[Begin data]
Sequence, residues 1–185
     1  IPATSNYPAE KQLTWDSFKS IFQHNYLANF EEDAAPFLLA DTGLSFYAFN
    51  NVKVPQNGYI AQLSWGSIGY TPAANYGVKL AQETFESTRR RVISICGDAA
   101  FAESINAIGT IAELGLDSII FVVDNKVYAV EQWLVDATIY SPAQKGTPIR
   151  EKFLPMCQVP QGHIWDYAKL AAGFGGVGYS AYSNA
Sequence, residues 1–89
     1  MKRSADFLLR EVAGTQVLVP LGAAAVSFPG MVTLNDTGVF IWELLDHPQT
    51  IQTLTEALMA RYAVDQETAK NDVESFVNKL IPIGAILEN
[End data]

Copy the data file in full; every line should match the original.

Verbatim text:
Sequence, residues 1–185
     1  IPATSNYPAE KQLTWDSFKS IFQHNYLANF EEDAAPFLLA DTGLSFYAFN
    51  NVKVPQNGYI AQLSWGSIGY TPAANYGVKL AQETFESTRR RVISICGDAA
   101  FAESINAIGT IAELGLDSII FVVDNKVYAV EQWLVDATIY SPAQKGTPIR
   151  EKFLPMCQVP QGHIWDYAKL AAGFGGVGYS AYSNA
Sequence, residues 1–89
     1  MKRSADFLLR EVAGTQVLVP LGAAAVSFPG MVTLNDTGVF IWELLDHPQT
    51  IQTLTEALMA RYAVDQETAK NDVESFVNKL IPIGAILEN